Evidence suggests that chili peppers were grown as early as 5000 BC in South America. According to Spanish conquistador Hernán Cortés, the ancient Aztecs grew many species of chili peppers for use in ceremonies and in chocolate drinks. Columbus brought this newly discovered spice to Spain in the late 15th century; He mistakenly believed that chili peppers were related to pepper because of their hot taste, so chili peppers are mistakenly called chilli pepper to this day.

Portuguese traders transported the spice to their colonies in Goa, India and trading posts in Asia and Africa, and it was quickly used as a spicy substitute for black pepper. In 1912, pharmacologist William Scoville devised a way to measure the spiciness of chili peppers, later known as the Scoville Spicy Index, but is now being replaced by more precise methods of determining spiciness. practice in the laboratory…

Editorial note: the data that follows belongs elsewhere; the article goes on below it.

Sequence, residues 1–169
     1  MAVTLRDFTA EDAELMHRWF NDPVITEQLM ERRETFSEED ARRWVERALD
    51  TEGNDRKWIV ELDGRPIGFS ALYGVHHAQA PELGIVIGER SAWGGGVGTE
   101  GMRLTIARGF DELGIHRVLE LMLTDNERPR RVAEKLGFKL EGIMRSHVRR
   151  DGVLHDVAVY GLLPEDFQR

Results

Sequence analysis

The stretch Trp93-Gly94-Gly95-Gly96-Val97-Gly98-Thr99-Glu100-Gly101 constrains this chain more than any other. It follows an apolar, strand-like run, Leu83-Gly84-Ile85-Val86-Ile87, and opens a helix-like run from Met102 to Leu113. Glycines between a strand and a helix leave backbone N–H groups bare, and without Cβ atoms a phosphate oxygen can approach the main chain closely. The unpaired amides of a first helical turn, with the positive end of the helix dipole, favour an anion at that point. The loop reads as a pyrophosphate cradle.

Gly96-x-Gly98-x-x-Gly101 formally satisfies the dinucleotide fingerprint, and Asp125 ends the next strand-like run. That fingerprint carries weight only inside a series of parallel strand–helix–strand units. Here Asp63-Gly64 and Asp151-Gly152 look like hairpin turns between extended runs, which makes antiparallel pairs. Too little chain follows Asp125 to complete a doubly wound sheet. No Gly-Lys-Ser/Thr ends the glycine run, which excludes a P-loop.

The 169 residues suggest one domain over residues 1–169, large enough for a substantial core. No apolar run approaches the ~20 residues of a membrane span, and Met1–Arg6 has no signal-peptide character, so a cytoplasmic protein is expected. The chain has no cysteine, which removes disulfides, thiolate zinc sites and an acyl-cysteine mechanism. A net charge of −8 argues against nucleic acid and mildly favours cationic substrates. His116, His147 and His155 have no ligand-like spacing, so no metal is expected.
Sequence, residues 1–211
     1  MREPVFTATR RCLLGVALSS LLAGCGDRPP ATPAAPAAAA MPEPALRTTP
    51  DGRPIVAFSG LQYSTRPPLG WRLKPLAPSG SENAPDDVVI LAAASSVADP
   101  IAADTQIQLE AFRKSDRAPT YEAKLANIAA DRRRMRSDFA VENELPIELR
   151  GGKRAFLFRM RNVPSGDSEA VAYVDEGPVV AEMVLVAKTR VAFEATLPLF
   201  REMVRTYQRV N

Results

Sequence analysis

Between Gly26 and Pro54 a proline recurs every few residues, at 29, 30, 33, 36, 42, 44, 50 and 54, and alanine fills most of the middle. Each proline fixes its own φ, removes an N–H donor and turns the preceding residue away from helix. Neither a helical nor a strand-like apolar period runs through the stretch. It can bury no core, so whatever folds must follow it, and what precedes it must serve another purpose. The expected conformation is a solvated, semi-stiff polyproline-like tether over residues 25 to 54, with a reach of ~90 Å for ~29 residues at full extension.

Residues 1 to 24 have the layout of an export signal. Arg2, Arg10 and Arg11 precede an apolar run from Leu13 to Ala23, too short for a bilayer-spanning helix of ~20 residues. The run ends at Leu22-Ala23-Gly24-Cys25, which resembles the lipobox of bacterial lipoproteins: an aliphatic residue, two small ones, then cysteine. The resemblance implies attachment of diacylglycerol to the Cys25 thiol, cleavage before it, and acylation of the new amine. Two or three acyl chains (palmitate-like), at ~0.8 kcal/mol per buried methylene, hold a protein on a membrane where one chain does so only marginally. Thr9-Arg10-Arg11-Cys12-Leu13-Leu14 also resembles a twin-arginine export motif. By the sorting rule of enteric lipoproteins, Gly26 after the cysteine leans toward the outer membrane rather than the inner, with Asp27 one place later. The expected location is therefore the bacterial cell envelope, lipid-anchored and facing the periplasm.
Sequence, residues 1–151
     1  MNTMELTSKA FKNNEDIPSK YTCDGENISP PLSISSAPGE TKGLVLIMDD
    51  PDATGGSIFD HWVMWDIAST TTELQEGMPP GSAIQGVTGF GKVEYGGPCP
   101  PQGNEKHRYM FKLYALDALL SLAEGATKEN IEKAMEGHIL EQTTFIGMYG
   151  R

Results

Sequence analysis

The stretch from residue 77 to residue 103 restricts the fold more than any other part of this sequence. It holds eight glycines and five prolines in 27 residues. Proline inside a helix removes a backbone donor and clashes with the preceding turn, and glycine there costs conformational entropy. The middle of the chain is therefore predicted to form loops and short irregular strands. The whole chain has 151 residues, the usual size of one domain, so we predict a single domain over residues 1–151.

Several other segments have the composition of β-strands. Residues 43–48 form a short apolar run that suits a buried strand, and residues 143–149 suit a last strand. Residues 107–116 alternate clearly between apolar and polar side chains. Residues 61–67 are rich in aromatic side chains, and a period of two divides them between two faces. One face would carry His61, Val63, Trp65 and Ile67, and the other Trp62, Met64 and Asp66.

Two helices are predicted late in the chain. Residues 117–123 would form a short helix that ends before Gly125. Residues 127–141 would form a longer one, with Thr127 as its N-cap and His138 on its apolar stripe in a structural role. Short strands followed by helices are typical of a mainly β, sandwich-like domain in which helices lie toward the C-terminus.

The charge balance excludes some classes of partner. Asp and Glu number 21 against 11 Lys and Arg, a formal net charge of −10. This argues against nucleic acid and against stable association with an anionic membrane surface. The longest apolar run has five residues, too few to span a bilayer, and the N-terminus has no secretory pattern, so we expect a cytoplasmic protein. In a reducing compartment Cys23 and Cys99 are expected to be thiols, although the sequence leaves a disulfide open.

Powder chili :

Grinding causes many of the flavor compounds in chili peppers to evaporate, and chili powder enhances the heat best.

Fresh chili
Fruity, citrusy, green, and sweet flavors are often overpowering, depending on the type of chili and ripeness.